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Pittsburgh, PA
MSA: Pittsburgh, PA
Best places ranking: #2 among large metro areas
Population: 2,351,192
Greater Pittsburgh is home to a workforce with hard-won manufacturing skills from the city's steelmaking past. Need machinists? They're here -- and that's a draw for small businesses.

The region combines that talent pool with a mix of highly educated students from the University of Pittsburgh, Carnegie-Mellon University and Duquesne University. Those institutions helped make Pittsburgh a leader in robotics, healthcare, and artificial intelligence. Locals cite the city's culture as one of its biggest selling points: There are tight-knit neighborhoods, many built around eastern European communities that prize a strong work ethic.

Most of the city's small businesses are family-owned concerns that have morphed to serve new markets. Resources like the Institute for Entrepreneurial Excellence help both startups and generations-old companies get the skills they need. Pittsburgh's location on major North-South and East-West interstates connects companies with distant markets and suppliers.

State taxes aren't low, and the recession-fueled tax shortfall hurts: The state may have to take over Pittsburgh's pension system. But small businesses say the local workforce is resilient, and with valuable, transferrable skills.

Native Pittsburghers often stick around to raise their own families. It can be hard to retain outsiders, through -- those drawn from elsewhere to Pittsburgh's world-class educational institutions typically collect their degrees and leave. -Barbara Darrow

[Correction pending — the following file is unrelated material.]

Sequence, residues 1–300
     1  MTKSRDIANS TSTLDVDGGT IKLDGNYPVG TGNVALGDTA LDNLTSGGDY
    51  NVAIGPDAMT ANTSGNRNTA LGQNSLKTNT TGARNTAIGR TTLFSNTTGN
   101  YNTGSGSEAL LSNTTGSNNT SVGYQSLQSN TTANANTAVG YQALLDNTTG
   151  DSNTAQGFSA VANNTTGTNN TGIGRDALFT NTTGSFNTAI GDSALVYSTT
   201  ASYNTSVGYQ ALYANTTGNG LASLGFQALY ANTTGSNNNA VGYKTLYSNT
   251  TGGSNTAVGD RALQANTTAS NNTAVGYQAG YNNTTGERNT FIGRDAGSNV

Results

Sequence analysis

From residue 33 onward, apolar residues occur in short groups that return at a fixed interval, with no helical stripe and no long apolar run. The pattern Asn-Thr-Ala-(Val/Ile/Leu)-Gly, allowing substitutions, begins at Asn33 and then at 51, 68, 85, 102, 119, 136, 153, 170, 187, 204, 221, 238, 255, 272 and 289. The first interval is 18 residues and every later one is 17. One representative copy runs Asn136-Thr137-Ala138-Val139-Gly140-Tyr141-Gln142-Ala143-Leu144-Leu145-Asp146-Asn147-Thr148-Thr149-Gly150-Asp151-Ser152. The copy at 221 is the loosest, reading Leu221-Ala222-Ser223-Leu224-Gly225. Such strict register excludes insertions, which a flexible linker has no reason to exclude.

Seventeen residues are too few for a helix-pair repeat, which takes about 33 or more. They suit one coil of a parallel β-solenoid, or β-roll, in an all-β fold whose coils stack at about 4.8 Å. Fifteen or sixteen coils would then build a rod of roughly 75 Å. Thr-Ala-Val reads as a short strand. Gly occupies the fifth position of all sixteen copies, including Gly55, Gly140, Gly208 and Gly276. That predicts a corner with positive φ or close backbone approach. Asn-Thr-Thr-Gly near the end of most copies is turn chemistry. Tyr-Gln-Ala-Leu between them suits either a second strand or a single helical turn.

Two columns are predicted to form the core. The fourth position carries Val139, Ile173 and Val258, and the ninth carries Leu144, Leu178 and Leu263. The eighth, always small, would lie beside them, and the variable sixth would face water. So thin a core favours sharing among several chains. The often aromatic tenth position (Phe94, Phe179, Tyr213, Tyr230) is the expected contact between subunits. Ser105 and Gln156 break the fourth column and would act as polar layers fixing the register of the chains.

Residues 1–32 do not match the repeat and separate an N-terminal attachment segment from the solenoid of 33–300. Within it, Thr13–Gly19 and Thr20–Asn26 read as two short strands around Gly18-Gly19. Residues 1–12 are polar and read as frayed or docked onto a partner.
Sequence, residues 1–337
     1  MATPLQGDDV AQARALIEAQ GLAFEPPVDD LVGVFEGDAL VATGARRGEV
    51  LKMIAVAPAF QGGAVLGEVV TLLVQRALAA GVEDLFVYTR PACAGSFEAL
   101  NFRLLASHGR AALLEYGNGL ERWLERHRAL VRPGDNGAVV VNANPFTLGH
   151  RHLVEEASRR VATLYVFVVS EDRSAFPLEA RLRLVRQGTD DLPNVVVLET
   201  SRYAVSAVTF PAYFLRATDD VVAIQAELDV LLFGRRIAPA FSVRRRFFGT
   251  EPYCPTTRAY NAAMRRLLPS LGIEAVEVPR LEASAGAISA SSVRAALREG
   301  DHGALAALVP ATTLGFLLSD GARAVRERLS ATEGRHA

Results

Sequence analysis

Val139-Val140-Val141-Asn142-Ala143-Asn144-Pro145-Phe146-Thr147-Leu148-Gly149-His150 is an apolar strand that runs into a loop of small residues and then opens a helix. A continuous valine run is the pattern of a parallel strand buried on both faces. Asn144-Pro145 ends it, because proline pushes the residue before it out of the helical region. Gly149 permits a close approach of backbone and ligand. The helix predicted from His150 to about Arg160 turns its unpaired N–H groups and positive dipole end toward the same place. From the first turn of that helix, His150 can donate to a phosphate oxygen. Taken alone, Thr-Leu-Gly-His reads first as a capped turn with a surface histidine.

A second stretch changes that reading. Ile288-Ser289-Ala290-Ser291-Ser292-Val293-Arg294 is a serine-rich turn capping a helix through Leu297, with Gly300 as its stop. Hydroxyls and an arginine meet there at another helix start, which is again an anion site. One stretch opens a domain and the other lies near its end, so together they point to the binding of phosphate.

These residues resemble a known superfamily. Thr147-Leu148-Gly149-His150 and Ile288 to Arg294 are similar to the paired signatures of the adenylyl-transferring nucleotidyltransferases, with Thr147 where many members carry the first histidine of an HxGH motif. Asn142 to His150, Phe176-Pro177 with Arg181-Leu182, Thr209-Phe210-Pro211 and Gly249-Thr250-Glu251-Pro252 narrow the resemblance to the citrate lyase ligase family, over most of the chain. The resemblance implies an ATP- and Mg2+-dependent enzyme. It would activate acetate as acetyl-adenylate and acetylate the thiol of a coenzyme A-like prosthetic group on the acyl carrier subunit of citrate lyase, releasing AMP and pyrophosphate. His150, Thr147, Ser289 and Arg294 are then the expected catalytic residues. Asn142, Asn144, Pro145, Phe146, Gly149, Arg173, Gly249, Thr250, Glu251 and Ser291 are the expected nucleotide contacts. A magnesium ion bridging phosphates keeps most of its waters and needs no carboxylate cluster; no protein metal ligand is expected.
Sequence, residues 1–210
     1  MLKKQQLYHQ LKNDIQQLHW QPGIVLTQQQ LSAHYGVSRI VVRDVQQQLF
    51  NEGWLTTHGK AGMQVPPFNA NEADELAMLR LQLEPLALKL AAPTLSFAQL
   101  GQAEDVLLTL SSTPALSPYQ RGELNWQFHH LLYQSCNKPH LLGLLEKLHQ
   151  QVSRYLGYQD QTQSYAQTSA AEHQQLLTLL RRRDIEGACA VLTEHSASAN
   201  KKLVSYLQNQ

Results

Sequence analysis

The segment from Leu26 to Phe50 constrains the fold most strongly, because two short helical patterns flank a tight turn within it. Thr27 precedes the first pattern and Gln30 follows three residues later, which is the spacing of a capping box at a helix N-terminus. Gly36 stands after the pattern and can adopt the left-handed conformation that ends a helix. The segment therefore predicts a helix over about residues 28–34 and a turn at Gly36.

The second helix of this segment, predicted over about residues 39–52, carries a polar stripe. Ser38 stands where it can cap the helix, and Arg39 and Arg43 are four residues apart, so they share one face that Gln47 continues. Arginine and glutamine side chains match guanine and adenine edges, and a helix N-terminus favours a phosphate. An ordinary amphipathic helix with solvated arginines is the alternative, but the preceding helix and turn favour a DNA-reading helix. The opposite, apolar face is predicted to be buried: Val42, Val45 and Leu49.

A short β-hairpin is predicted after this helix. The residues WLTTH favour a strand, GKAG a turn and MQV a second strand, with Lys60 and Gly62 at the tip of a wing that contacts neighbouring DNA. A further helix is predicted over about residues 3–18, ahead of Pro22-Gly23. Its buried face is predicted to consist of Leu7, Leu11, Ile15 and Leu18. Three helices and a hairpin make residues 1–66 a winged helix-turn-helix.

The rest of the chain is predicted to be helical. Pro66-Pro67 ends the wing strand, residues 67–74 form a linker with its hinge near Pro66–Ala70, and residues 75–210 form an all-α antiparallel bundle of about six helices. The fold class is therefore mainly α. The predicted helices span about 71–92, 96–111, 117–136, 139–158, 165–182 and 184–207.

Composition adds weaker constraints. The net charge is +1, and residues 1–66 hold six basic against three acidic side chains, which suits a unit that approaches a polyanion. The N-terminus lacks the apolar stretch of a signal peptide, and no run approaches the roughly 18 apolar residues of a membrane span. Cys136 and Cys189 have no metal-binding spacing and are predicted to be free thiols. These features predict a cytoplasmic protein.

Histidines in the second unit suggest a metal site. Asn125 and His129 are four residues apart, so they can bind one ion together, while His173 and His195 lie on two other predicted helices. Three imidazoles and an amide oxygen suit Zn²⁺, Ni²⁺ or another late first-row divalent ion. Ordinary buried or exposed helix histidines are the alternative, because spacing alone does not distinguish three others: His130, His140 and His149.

Launch Toolbox:
Resources for getting started in Pittsburgh, PA

BORROW

Local smallbiz lenders

  • Citizens Financial Group
  • PNC Financial Services Group
  • F.N.B. Corporation
  • Huntington Bancshares Incorpor
  • Enterprise Financial Services
See all local lenders

Pittsburgh Business Statistics
Employer establishments with 1-49 employees
(2007)
57,272 78,289
Small business growth rate
(2004-2007)
-0.4% 5.3%
State business tax climate ranking
(out of 50 states)
28 N/A
Percentage of population with bachelor's degree
(ages 25-34)
38% 32.7%
Violent crime
(rate per 100,000 inhabitants, 2007)
362 537.6
Property crime
(rate per 100,000 inhabitants, 2007)
2,185.9 3,700.0
Population growth
(2003-2008)
-2.0% 6.38%
Per-capita income
(2007)
$41,206 $41,342
Per-capita income growth
(2002-2007)
27.7% 25.0%
GDP (in millions)
(2006)
$106,496 $164,601
GDP growth
(2001-2006)
24% 32%
Average hourly wage
(2008)
$19.25 $21.03
Housing foreclosure rate
(first half of 2009, 1 per every X housing units)
190 113
Median rent
(2009, for a 2-bedroom housing unit)
$763 $981
Housing price-to-income (HPI) ratio
(first quarter of 2009)
1.2% 1.8%
Long-term HPI ratio
(20-year average, 1984-2004)
1.3% 1.9%
HPI deviation from long-term average
-13.1% 0.0%

All statistics are for the full Metropolitan Statistical Area. For a complete list of data sources, see "How we picked the Best Places."

From the November 2009 issue
"The seven-county area here has a lot going for it, and Pittsburgh is the star of western Pennsylvania. Everyone talks about Pittsburgh's universities, and of course they turn out well-educated students ready to go. " -Georgia Berner
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This year we partnered with the Ewing Marion Kauffman Foundation to find the 50 most business-friendly communities in America.

With help from Robert Fairlie, an economist and leading scholar of entrepreneurship at the University of California, Santa Cruz, we developed a methodology and sifted through such data on factors such as per capita income, hourly wages, workforce quality, crime rates, taxes and foreclosures. More

Comments? E-mail the editors
Data partners

This package was produced in partnership with the Ewing Marion Kauffman Foundation.

Foreclosure data provided by RealtyTrac.

Housing price-to-income data provided by Moody's Economy.com.

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